Jesse Tree

Single Mother Avoids Eviction with the Help of Jesse Tree After Devastating Loss

Stephanie, like so many others, faced unfathomable grief in the face of COVID-19. She lost her husband right at the start of the pandemic, just before the deadly virus became worldwide news. Now a single mother, Stephanie did OK for a while, working as a warehouse manager and supporting her daughter, Gracie. 

Sadly, another tragedy soon struck when Stephanie injured her shoulder after falling off a ladder. In recovery and unable to work, Stephanie had difficulty paying her rent. She reached out to Jesse Tree, who helped her with her rent and allowed her and Gracie to stay in their home. 

Jesse Tree is a nonprofit based in Boise, Idaho, that works to prevent eviction and homelessness in the Treasure Valley. According to Katie McInally, the Community Engagement Manager at Jesse Tree, “evictions are the leading cause of homelessness. So by stopping someone from becoming homeless in the first place, we can stop them from experiencing the trauma of homelessness and eviction.”

Stephanie soon faced difficulty getting her disability check and started to fall behind on bills and rent again. She was struggling physically, mentally, and emotionally from the compounded loss and couldn’t get the healthcare she needed. Jesse Tree’s community health worker connected her with an affordable counselor who was able to help.

Katie from Jesse Tree tells us about a time when her organization mobilized practically to support Stephanie in a time of emergency. After one email from Stephanie, where she indicated that she didn’t have clean clothes or food in the house, the Jesse Tree case managers responded with hands-on giving.

The case managers brought food items and a laundromat card over to her house and stayed with her until the counselor arrived. According to Katie, “A few weeks ago, probably a month ago now, she emailed our community health worker to say that she and Gracie were doing really well, and that they had found the serenity that they had lost.”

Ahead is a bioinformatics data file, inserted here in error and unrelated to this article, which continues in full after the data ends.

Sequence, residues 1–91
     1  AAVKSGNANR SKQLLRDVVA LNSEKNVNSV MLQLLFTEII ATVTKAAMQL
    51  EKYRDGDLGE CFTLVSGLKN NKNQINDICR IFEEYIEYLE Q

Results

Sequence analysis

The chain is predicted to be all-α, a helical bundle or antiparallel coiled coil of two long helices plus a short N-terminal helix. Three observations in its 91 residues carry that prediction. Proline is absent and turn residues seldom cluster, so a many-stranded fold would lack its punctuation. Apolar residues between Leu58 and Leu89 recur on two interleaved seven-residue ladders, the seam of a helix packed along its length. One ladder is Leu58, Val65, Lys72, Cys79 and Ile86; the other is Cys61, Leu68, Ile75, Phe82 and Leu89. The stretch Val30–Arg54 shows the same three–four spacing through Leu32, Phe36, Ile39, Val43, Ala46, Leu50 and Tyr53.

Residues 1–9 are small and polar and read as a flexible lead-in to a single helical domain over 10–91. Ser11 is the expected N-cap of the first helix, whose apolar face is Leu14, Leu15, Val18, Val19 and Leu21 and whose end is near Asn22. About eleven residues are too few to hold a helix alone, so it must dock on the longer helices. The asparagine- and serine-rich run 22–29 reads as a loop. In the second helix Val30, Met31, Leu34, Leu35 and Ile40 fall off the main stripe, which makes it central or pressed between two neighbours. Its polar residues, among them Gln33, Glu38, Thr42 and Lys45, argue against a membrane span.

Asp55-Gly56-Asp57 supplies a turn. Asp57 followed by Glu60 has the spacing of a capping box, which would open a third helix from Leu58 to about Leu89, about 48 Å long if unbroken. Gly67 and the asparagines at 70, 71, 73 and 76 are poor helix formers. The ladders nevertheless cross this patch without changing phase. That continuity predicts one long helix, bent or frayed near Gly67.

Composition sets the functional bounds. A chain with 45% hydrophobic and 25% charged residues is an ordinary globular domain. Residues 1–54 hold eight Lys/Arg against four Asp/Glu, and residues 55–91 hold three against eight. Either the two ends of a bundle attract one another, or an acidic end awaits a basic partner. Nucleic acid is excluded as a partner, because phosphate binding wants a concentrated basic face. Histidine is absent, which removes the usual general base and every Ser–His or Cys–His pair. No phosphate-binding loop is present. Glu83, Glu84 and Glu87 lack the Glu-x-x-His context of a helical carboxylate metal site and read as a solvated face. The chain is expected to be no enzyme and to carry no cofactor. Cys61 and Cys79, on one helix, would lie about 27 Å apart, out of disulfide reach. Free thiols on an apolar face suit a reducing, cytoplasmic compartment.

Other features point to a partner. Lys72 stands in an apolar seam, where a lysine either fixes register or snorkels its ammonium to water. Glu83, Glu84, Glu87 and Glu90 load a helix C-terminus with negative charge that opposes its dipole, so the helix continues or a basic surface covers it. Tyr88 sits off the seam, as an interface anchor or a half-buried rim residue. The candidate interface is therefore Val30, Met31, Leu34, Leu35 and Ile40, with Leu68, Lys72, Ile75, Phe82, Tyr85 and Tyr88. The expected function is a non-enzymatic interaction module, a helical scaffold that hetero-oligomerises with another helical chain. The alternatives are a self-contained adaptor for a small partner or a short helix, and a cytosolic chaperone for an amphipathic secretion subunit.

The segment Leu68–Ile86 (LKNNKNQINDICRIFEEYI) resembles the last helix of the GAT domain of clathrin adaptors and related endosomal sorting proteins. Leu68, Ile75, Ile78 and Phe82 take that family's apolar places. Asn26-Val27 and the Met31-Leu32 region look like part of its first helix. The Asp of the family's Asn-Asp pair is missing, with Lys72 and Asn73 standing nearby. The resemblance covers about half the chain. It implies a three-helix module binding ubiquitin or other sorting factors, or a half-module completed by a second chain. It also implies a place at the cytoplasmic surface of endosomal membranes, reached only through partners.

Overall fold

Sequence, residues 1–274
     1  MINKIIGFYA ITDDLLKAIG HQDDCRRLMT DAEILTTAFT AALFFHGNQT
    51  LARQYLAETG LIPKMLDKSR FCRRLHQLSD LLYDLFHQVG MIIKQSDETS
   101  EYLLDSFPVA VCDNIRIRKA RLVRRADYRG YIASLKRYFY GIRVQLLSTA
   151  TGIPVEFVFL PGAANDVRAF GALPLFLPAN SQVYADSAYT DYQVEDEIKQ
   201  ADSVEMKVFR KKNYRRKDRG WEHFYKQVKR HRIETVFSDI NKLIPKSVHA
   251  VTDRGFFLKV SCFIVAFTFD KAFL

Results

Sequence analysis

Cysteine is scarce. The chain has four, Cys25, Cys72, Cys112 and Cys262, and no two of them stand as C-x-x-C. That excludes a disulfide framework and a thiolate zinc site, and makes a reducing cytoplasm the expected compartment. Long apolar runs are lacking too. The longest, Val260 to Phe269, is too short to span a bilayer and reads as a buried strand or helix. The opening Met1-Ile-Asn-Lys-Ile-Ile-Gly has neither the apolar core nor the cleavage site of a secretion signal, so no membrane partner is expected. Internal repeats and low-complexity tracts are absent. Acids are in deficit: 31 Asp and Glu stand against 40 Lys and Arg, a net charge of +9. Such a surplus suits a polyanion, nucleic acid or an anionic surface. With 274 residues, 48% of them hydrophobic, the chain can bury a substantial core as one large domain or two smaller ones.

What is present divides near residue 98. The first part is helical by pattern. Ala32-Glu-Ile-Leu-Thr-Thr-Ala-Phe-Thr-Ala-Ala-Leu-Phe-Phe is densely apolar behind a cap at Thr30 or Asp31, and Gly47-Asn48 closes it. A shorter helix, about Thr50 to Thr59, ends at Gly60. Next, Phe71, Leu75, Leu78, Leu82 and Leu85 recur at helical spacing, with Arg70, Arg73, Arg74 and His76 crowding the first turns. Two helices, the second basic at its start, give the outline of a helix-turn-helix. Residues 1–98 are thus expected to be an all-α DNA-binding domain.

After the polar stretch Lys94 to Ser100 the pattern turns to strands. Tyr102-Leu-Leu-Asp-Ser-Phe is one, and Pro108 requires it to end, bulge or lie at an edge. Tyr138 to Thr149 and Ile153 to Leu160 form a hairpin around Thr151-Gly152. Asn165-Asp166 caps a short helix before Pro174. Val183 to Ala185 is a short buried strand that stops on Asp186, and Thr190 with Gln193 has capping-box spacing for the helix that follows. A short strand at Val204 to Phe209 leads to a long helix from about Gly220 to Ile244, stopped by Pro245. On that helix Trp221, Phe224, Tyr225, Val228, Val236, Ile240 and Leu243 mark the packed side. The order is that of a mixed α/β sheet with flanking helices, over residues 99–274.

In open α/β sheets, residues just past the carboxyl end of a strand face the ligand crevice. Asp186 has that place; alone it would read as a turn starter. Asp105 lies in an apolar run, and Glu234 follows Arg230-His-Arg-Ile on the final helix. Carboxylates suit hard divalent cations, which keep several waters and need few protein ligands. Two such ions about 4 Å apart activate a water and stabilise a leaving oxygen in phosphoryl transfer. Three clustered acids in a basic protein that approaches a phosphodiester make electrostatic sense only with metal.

Stephanie isn’t the only single parent Jesse Tree has helped get back on their feet. According to Katie, “About half of the people that we help are single parents because society is not set up set up for single-income households.”

Jesse Tree

Jody, a single mother, got an eviction summons because she couldn’t pay her rent. Jesse Tree worked out a deal with the landlord to cover her rent and help her avoid an eviction on her record. Unfortunately, the deal didn’t go as planned. 

Katie tells Jody’s story, “Everybody had checked all the boxes and, and sent the paperwork in and all that. And then, at the last minute, the landlord decided that they did not want to accept the payment from Jesse Tree and that they were going to go ahead and take her to an eviction court because they wanted to have her move out and rent the property for more than she could afford,” 

“We hear story after story after story like that,” said Katie. 

Jesse Tree worked to help Jody avoid the eviction, but the landlord still wanted her to evacuate the property within 30 days. 

Unable to find affordable housing in Boise, Jody started over by moving to Michigan, where she was able to get a good job making the same amount she made in Idaho. Jody also found a house with a much lower rent. Because of the non-profit’s intervention, she didn’t have an eviction on her record, which would’ve made finding housing much more difficult.

Jesse Tree

Stephanie’s and Jody’s stories are similar to so many others — people doing their best to make it in these turbulent times. People who need a bit of help and hope.

Since 1999, Jesse Tree has helped families across the Treasure Valley area avoid eviction and homelessness. They seek to secure safe and stable housing for all those in need. Jesse Tree provides case management with rental or security deposit assistance to 100 households per month — changing hundreds of lives. 

Jesse Tree is putting on a holiday fundraiser, Housed for The Holidays, to raise funds to help 50 Treasure Valley families stay in their homes and continue their community support into 2023 and beyond.

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